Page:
Visitor spending in U.S. drops for 15th consecutive month

International visitor spending is still heading in the wrong direction. In January, travelers coming to the United States from abroad spent only $10.3 billion, according to the U.S. Department of Commerce, a decline of 3 percent from January 2009. In hard cash, that’s a drop of $310 million.

Travel receipts amounted to $8.1 billion in January – that’s money spent on travel and tourism-related goods and represents a fall of 1 percent from January 2009. This includes food, lodging, recreation, gifts, entertainment and local transportation within the United States. Passenger fare receipts, the money spent on U.S. carriers and vessel operators, from international visitors fell 10 percent to $2.3 billion, with $300 million in spending disappearing from the same month last year.

January 2010 was the fifteenth month in a row in which spending on U.S. travel and tourism exports fell (when compared to the same month the prior year). Before the financial crisis took hold at the end of 2008, growth had increased for more than 60 consecutive months. Fortunately, the declines appear to be slowing. In December 2009, travel exports were off 8 percent.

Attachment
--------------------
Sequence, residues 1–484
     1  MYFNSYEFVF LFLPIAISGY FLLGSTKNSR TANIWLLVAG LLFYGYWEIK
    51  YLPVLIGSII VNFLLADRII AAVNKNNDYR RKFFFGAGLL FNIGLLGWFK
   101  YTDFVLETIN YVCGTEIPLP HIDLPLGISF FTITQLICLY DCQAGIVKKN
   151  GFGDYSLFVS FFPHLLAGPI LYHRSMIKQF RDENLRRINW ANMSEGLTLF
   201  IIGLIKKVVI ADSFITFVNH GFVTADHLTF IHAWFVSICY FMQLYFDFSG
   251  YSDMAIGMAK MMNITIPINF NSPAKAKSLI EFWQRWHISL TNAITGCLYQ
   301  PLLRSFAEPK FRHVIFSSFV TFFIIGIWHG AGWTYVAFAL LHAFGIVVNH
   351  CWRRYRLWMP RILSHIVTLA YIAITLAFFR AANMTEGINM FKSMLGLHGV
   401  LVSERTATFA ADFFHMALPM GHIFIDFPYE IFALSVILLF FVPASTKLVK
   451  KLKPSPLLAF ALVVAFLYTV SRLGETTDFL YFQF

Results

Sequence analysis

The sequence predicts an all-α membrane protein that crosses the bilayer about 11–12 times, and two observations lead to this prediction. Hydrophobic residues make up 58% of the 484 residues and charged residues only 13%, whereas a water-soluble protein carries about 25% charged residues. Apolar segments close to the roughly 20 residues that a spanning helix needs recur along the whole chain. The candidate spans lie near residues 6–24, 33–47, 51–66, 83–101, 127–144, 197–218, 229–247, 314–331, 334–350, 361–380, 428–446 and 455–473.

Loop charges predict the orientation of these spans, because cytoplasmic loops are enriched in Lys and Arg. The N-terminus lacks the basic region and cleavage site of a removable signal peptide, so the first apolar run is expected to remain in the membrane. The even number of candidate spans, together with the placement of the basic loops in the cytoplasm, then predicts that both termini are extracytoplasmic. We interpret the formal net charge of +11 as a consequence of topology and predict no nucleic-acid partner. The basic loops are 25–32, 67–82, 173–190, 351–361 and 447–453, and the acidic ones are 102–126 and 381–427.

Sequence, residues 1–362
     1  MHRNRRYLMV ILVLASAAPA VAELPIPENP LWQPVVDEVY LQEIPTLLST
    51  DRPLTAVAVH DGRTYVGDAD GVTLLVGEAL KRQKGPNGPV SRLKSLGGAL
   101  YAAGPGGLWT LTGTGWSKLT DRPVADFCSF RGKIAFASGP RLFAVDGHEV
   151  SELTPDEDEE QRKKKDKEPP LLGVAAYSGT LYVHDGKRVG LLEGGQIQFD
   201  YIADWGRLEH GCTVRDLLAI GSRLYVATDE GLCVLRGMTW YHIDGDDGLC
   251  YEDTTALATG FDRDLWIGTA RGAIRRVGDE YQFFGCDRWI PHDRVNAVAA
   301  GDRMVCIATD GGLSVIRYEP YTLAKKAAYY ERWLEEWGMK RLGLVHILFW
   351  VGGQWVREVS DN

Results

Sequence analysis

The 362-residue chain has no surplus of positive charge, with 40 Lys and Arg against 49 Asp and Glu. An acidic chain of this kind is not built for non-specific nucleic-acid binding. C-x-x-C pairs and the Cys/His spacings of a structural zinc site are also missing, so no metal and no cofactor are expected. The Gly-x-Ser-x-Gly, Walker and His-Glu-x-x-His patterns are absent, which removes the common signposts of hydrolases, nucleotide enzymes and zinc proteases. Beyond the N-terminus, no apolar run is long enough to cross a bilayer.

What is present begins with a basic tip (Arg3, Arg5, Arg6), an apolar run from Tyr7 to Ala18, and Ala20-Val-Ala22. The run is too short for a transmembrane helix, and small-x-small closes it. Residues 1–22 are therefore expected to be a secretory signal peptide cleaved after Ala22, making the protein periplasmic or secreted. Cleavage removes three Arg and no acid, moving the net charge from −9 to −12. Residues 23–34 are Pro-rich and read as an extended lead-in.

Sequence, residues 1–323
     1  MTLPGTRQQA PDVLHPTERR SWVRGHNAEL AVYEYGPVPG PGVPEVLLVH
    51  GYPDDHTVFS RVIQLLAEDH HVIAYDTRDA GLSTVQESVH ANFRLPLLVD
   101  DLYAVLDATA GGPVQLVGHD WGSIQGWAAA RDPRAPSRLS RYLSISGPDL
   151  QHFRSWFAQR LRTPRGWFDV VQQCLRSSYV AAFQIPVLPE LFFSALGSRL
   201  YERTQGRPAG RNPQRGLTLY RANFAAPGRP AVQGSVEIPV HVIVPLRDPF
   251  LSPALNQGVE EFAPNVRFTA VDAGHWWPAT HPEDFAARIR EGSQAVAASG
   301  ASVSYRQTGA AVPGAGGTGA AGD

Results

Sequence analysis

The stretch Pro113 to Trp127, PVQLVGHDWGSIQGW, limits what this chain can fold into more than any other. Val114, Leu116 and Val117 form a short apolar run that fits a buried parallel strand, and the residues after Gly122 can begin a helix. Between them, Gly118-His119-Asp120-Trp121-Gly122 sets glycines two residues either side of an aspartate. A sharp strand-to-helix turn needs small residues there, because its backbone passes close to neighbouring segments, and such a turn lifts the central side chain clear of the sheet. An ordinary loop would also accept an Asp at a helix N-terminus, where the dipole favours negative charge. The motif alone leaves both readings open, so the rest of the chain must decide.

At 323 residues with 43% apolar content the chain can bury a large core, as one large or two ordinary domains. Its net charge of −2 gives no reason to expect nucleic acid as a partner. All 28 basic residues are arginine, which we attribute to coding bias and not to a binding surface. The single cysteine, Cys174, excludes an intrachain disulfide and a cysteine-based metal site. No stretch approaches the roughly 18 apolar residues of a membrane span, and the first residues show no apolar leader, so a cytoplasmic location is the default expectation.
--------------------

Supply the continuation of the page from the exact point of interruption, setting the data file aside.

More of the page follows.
Foreign visitor spending in U.S. gets ugly

The U.S. Department of Commerce tells us that spending in the United States by foreign visitors fell 13 percent to $10.3 billion for the month of October – off $1.6 billion from October 2008. For the entire year, international visitor spending plunged 16 percent. Spending fell $18.6 billion. The good news is that the October decline is better than the year-to-date drop, which the international travel market may be on its way back.